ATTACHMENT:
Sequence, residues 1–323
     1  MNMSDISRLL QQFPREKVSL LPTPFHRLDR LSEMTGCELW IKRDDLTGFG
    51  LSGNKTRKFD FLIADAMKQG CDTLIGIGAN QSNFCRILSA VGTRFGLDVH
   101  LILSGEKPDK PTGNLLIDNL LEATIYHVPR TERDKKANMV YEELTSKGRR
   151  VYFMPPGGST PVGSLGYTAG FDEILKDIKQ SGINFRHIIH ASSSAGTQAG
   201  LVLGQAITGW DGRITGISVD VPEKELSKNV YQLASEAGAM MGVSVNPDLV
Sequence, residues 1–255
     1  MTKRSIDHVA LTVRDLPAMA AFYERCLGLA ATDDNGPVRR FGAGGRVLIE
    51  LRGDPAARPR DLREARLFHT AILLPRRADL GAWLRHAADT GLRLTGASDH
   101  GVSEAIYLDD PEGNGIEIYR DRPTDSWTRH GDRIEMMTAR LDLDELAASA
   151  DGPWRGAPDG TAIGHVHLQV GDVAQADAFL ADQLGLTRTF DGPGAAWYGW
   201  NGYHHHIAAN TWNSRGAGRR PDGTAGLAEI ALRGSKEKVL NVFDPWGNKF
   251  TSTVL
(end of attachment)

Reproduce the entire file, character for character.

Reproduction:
Sequence, residues 1–323
     1  MNMSDISRLL QQFPREKVSL LPTPFHRLDR LSEMTGCELW IKRDDLTGFG
    51  LSGNKTRKFD FLIADAMKQG CDTLIGIGAN QSNFCRILSA VGTRFGLDVH
   101  LILSGEKPDK PTGNLLIDNL LEATIYHVPR TERDKKANMV YEELTSKGRR
   151  VYFMPPGGST PVGSLGYTAG FDEILKDIKQ SGINFRHIIH ASSSAGTQAG
   201  LVLGQAITGW DGRITGISVD VPEKELSKNV YQLASEAGAM MGVSVNPDLV
Sequence, residues 1–255
     1  MTKRSIDHVA LTVRDLPAMA AFYERCLGLA ATDDNGPVRR FGAGGRVLIE
    51  LRGDPAARPR DLREARLFHT AILLPRRADL GAWLRHAADT GLRLTGASDH
   101  GVSEAIYLDD PEGNGIEIYR DRPTDSWTRH GDRIEMMTAR LDLDELAASA
   151  DGPWRGAPDG TAIGHVHLQV GDVAQADAFL ADQLGLTRTF DGPGAAWYGW
   201  NGYHHHIAAN TWNSRGAGRR PDGTAGLAEI ALRGSKEKVL NVFDPWGNKF
   251  TSTVL